Why You Shouldn’t Give Pets as Gifts at Christmas

The information in this article was reviewed and approved by registered veterinary nurse, Beth Walker

Animed Veterinary Nurse, Beth Walker

We’re sure you’re familiar with the phrase, ‘A dog is for life, not just for Christmas.’ Coined by Dogs Trust over 40 years ago, this well-known mantra is applicable to all other pets too. Giving pets as gifts is never a good idea. Cats and dogs are huge commitments, requiring a lot of forethought and planning. They are an additional expense requiring lots of upkeep financially, and of course, they require a lot of your time. Unfortunately, thousands of pets are abandoned each year, particularly in the months after Christmas.

Is it Ok to Give a Pet as a Gift?

While it may seem like a great idea to give a pet as a gift to someone who loves animals, there are lots of reasons why this is not the case.

Giving a pet as a gift means that the recipient won’t have had a chance to consider whether they can make the long-term commitment of caring for them. This may mean that they are not able to offer the cat or dog the life they deserve, or result in yet another animal going to a rescue shelter.

Abandoned Dogs And Cats are on the Rise

Research has shown that there are a growing number of dogs and cats being abandoned by their owners. Some of these make it to rescue centres while others are taken in by local authorities.

According to UK Parliament, an estimated 250,000 animals go to rescue shelters every year.

In the UK, between January and July in 2022 alone, the RSPCA responded to 22,908 abandoned animals. This is a 25% increase on the same period from the previous year.

Dogs are the most commonly abandoned animal.

Why You Shouldn’t Give Pets as Gifts at Christmas

They’re expensive to look after

One of the most common reasons why cats and dogs are abandoned is because owners cannot afford to care for them. The Battersea Dogs Home estimated last year that keeping a dog costs £2000 a year on average.

Gifting a pet to somebody can end up becoming a financial burden. As well as food and bedding for example, pets require regular flea treatments, worming treatments and vaccinations, which all add up. Plus, there may be unexpected costs like emergency vet bills if the cat or dog becomes unwell at any point.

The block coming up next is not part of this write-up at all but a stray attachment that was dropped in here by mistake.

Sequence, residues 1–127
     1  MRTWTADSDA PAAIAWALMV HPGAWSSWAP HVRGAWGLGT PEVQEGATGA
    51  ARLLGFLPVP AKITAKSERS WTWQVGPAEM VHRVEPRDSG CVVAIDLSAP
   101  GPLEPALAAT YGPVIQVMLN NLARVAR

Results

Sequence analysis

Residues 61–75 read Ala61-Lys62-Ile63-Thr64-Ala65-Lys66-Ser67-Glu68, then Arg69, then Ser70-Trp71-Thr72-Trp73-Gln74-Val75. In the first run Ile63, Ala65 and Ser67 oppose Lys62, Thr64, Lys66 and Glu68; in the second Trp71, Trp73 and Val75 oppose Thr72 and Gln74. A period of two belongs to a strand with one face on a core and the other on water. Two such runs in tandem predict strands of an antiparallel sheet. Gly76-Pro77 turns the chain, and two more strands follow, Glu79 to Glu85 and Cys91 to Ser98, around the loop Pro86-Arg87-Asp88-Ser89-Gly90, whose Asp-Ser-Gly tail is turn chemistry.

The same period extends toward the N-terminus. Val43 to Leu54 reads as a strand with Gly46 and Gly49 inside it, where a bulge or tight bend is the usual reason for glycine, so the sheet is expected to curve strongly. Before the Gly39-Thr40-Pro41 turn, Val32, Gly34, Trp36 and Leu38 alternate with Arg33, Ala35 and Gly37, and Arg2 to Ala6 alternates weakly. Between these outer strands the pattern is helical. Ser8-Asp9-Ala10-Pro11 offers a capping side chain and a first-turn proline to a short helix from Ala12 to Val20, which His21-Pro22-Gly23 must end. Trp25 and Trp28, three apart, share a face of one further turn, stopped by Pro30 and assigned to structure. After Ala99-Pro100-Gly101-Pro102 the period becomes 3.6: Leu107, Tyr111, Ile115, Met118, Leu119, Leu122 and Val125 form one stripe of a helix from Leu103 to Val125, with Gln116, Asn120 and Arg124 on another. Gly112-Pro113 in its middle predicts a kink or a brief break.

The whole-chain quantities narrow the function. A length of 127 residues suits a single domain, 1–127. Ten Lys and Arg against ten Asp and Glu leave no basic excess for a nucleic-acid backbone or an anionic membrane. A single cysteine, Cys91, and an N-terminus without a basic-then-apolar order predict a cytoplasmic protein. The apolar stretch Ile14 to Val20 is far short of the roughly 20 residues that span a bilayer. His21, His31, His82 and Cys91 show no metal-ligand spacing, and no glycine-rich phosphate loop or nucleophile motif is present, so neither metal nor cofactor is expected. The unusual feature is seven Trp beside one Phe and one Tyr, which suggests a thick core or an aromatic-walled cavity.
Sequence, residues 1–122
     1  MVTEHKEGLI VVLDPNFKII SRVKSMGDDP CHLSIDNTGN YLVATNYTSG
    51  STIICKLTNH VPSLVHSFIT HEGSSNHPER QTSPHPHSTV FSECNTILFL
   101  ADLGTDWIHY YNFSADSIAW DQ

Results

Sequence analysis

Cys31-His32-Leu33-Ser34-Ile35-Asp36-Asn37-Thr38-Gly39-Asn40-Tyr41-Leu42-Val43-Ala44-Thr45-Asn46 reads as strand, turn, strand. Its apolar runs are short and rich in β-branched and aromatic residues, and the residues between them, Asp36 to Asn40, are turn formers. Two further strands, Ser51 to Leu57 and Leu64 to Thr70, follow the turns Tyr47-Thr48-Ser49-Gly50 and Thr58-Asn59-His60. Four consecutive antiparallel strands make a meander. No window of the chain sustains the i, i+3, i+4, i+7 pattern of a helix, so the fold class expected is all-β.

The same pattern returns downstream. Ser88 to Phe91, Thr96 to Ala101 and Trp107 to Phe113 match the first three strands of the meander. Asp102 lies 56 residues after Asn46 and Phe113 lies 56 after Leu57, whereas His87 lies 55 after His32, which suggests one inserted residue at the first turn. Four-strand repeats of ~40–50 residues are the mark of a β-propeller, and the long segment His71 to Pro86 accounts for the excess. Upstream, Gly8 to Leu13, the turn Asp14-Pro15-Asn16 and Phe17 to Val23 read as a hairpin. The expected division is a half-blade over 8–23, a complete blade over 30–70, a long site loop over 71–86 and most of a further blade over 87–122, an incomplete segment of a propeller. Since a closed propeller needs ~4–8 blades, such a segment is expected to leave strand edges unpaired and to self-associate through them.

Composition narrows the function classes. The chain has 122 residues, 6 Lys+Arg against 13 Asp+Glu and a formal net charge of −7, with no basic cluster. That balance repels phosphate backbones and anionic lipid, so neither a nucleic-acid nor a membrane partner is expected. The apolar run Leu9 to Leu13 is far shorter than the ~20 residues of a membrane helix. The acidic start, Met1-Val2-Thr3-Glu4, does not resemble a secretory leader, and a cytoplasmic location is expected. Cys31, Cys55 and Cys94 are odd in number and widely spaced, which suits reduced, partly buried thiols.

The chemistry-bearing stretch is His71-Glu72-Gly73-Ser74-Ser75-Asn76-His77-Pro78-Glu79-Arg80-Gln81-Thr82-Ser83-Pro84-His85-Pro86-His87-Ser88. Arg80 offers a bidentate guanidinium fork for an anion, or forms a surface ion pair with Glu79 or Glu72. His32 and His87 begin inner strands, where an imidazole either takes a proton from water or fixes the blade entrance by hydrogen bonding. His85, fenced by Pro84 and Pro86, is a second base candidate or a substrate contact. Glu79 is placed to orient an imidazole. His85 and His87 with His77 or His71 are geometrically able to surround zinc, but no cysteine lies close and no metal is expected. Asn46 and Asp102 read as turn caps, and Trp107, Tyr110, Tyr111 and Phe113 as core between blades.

If the recipient is not prepared for the costs that come with owning a dog or cat, they may have no choice but to take them to a shelter. It’s not a nice decision to have to make, so we would never recommend gifting a pet.

They need a lot of your time

Pets need to be kept active and stimulated, requiring a lot of your time. Dogs need plenty of walks and playtime, and cats can also become anxious if they do not get to spend enough time with their owner. While many owners treasure the time spent with their pets, not everyone has the time to spare, especially if they have busy jobs for example. You may not know the ins and outs of someone else’s schedule well enough to know if they have the time to take care of a pet given as a gift.

They need to be properly planned for

The decision to have a pet should not be taken lightly, and lots of planning should take place beforehand. This way, you’ll be prepared for the necessary training and costs. You can also take the time to choose a breed that suits you, so that they fit in with your family and lifestyle. Gifting a pet to someone means they will not have had a chance to do this planning and preparation.

What to do When Your Child Asks for a Pet for Christmas

If your child asks for a pet, make sure you have taken plenty of time to consider all the points we’ve raised above before agreeing. If you do decide that you would be able to offer a good home to a cat or dog, we still wouldn’t recommend giving a pet as a Christmas gift.

Giving animals as gifts can promote the idea that they are a possession rather than a responsibility. A lot of Christmas gifts are forgotten by the new year once the novelty has worn off – don’t let this be the case with a pet.

Additionally, bringing a pet home is a big deal, and the Christmas period can often be very busy. If you’ve made the decision to get a cat or dog, it’s a good idea to wait until the new year to bring them home so that you can give them your full attention as they settle in.

Instead of giving a cat or dog as a gift for Christmas, celebrate the fact that you’ll soon be joined by a furry family member. You could consider wrapping up some of the items you’ll need to help look after the pet, such as a lead, food bowl or bed, and give these as gifts on Christmas Day.

Wrapping up: Pets as Gifts

A pet should be seen as a long-term commitment. The average life expectancy of a dog is around 12 years, and some cats have been known to live for 20 years or more. It’s a huge, often life-changing decision to get a pet, and not a decision that can be made by someone else. Therefore, pets are not good Christmas gifts. There are plenty of other great gifts you can give to the animal lovers in your life – for example, why not sponsor a guide dog on their behalf, or book them an animal experience day?